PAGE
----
While stunt work in Hollywood is in decline because of the over-use of computer graphic imagery, which makes everything easy to fake, the James Bond films are famous for doing real stunt work on an epic scale. No matter how you slice it, seeing a real stunt will always trump a phony computer-generated piece of fluff. The recent Bond films have featured some very good stunts, such as the plane jump in "Quantum of Solace," but very few films in history have topped the epic stunts of the James Bond films of the 1970s.

The stuntwork in James Bond films always was good, and those films also used whatever tricks were available. Even some of the best stunts, such as Sean Connery flying "Little Nellie" in "You Only Live Twice," are marred by weak effects. However, when stunts in a Bond film work, they can change the entire tone of the film from mundane to epic.

Herewith, the top five stunts in the James Bond film franchise.

1. Roger Moore Skis off of a Mountain

Many fans consider "The Spy Who Loved Me" the pinnacle of Roger Moore's tenure as James Bond. The film had a terrific theme song by Marvin Hamlisch sung in winning style by Carly Simon, it introduced the epic villain "Jaws" who was so popular that he was brought back in the subsequent film "Moonraker," and it had perhaps the best title sequence of the entire Bond series.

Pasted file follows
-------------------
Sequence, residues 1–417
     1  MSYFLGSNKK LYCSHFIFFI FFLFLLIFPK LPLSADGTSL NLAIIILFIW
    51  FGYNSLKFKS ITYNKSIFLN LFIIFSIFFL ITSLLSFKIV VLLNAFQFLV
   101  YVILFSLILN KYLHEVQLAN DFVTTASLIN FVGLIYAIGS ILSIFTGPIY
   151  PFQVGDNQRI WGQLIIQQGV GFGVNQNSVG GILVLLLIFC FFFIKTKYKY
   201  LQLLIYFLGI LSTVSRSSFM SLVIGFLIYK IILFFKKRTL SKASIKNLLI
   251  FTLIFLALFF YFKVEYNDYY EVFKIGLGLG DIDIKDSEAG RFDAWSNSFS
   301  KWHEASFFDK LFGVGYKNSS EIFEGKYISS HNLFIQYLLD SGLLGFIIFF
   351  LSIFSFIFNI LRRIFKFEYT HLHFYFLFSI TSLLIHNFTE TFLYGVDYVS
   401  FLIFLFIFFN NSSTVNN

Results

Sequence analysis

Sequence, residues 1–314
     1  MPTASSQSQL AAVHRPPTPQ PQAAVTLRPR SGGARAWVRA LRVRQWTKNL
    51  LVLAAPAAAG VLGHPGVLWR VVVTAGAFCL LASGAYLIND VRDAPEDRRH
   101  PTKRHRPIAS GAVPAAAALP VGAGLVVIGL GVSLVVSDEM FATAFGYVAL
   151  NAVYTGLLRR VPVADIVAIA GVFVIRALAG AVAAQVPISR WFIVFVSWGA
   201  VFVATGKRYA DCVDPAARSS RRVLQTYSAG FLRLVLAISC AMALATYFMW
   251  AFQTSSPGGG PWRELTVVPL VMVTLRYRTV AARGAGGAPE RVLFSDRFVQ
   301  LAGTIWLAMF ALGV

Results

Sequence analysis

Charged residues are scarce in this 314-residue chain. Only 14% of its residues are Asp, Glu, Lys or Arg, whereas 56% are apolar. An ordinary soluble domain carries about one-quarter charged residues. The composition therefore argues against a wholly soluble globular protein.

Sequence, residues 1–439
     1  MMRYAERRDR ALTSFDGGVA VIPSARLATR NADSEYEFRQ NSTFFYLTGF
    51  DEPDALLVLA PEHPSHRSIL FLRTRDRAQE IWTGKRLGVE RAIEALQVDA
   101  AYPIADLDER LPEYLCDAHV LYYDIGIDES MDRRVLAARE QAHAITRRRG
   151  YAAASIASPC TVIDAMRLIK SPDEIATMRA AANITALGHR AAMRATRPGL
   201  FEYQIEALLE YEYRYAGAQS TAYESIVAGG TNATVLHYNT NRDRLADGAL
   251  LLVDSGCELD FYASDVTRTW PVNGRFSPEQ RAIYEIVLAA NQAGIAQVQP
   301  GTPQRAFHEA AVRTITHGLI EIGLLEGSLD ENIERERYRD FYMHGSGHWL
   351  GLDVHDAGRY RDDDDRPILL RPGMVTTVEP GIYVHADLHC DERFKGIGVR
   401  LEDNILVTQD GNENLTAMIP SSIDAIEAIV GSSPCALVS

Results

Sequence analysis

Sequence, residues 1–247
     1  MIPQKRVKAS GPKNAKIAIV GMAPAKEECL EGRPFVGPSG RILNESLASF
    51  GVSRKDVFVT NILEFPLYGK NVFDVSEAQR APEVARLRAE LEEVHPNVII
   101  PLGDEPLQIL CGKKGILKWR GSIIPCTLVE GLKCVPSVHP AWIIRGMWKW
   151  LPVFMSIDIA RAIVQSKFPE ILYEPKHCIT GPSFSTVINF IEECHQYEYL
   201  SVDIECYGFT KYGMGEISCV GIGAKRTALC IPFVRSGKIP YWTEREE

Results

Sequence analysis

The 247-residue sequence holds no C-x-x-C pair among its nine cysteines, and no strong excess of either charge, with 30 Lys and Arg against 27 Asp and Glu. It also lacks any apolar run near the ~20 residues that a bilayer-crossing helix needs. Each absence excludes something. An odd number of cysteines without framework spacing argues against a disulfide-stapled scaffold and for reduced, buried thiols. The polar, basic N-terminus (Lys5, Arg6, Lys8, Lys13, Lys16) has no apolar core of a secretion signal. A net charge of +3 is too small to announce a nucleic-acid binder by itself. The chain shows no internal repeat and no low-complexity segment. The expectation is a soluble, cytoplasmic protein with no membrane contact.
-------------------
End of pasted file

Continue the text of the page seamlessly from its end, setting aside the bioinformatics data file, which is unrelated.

Even with all those stellar aspects, the real jewel in the crown for "The Spy Who Loved Me" was at the conclusion of the teaser sequence that opened the film. Bond is being pursued by bad guys on skis, and he has nowhere to escape: the mountain down which he is skiing ends in a cliff. He then goes soaring off the cliff, presumably to his doom - until a parachute opens and saves him.

Second-Unit director John Glen, who would later direct Bond films in his own right, headed off to Mount Asgard in Canada to film this scene in July 1976. Under the coordination of Bond stunt coordinator Willy Bogner, stuntman Rick Sylvester was paid $30,000 to perform the stunt. With all related expenses, costs for filming that one brief scene came to $500,000, an epic amount in the 1970s.

Sylvester was chosen because, five years earlier, he had invented the stunt by skiing off El Capitan and parachuting to safety. To film the sequence for "The Spy Who Loved Me," they had to fly by helicopter to Mount Asgard's summit. Despite the fact that they had multiple cameras in operation, all but one malfunctioned, but that was enough.